Understanding the nature of genes during in vivo development and pathogenesis is of significant interest. Such understanding can be enabled by gene expression imaging, a form of molecular imaging based on reporter genes. A reporter gene is a segment of DNA fused to another gene of interest. Unlike the contrast-carrying molecular imaging probe presented in the preceding section, reporter genes must express into protein products to provide contrast. The two fused genes, sharing the same promoter, are transcribed into a single mRNA molecule, which is then translated into fused proteins. The protein encoded by the reporter gene carries contrast either directly or through enzymatic reactions. As a result, a positive contrast in a gene expression image indicates up-regulations of both the reporter gene and the fused gene. Alternatively, a reporter gene can be used without gene fusion in order to assay the activity of a particular promoter in a cell. If the promoter is ubiquitous, a reporter gene can be used to tag cells. The most widely used conventional optical imaging of reporter genes include fluorescence imaging of green fluorescence proteins or their mutants39 and bioluminescence imaging of luciferases.40
Molecular PAT of reporter gene lacZ was demonstrated in living rats.30 The lacZ gene encodes enzyme β-galactosidase. The enzyme can cleave an optically transparent substrate 5-bromo-4-chloro-3-indolyl-β-D-galactoside (x-gal), yielding a stable dark blue product. The blue product increases optical absorption and serves as a contrast agent for PAT. So far, x-gal was injected locally because systemic delivery through the tail vein turned out to be inefficient.
We hope to collaborate with developers of reporter genes to construct optical-absorption-based reporter gene systems that are more suitable for PAT. Because of its high spatial resolution at depths beyond the reach of pure high-resolution optical imaging, PAT is expected to become a complementary tool to conventional optical imaging of reporter genes in vivo.
Doppler photoacoustic tomography will provide imaging of blood flow in vivo with high spatial and velocity resolution.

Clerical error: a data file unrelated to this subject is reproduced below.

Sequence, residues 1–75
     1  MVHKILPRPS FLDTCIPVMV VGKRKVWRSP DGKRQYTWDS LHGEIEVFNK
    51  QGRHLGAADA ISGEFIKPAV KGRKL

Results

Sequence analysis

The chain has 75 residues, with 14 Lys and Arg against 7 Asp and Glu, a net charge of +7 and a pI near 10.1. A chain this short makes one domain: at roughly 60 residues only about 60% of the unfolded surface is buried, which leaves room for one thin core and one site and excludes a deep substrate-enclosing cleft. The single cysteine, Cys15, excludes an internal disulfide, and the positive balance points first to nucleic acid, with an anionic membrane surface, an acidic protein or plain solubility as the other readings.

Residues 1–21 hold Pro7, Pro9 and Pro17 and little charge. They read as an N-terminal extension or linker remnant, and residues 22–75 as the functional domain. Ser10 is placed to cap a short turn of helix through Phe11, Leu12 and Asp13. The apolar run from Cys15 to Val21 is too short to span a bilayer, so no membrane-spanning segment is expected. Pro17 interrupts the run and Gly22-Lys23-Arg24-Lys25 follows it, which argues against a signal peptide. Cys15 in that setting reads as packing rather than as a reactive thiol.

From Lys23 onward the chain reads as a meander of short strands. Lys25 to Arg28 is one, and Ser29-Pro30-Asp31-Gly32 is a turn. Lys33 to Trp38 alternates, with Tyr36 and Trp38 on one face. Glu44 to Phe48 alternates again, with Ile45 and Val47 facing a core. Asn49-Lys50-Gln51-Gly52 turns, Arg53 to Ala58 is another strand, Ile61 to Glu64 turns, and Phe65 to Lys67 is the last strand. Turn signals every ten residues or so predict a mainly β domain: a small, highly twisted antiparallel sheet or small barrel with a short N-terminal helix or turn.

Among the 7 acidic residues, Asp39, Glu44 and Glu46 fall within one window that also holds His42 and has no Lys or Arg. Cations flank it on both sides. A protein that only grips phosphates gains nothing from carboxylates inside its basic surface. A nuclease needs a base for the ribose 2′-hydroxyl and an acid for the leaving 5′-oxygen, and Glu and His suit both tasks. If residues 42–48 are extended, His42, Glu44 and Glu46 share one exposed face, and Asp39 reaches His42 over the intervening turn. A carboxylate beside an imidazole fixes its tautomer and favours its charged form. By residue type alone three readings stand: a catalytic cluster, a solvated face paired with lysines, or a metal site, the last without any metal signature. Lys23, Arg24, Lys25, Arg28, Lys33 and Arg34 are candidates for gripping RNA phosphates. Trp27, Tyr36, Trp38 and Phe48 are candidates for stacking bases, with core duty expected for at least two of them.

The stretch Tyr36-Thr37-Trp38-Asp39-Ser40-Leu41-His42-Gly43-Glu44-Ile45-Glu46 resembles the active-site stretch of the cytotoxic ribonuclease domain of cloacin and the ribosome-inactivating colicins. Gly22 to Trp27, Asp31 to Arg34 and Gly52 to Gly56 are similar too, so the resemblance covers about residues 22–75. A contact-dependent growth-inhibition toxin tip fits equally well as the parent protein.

The photoacoustic Doppler effect was recently discovered experimentally.41, 42 While the optical Doppler effect involves light only, the acoustic Doppler effect involves sound only. By contrast, the photoacoustic Doppler effect involves both light and sound, resulting from the combination of the photoacoustic and Doppler effects. Here, the photoacoustic wave undergoes a Doppler shift when the photoacoustic source—the part of the light absorbing medium generating the photoacoustic wave—has motion relative to the acoustic detector.
An important application is to image blood flow in vivo by measuring the photoacoustic Doppler effect due to moving red blood cells. We coined photoacoustic Doppler flowmetry (PADF) for this imaging technology. PADF has potential advantages over conventional Doppler flowmetry. First, PAT can image blood vessels at a depth of a few millimeters with a spatial resolution of tens of micrometers, whereas Doppler optical coherence tomography can penetrate only one optical transport mean free path. Second, PADF tracks light absorbing particles instead of scattering particles. Because red blood cells have much higher optical absorption than the background outside blood vessels, PADF should have low background noise and high sensitivity. By contrast, acoustic flowmetry suffers from background scattering and consequently has difficulty measuring slow flows. Third, the Doppler shift in PADF is nearly independent of the excitation light, enabling accurate measurement of both speed and direction of flow even at large depths inside an optically scattering medium. In comparison, laser Doppler flowmetry suffers from multiple light scattering, limiting the sensing depth and obscuring the information of flow direction. Finally, PADF is free of speckle artifacts. Therefore, PADF is expected to break fresh ground for in vivo flow measurement with high spatial resolution and high velocity sensitivity.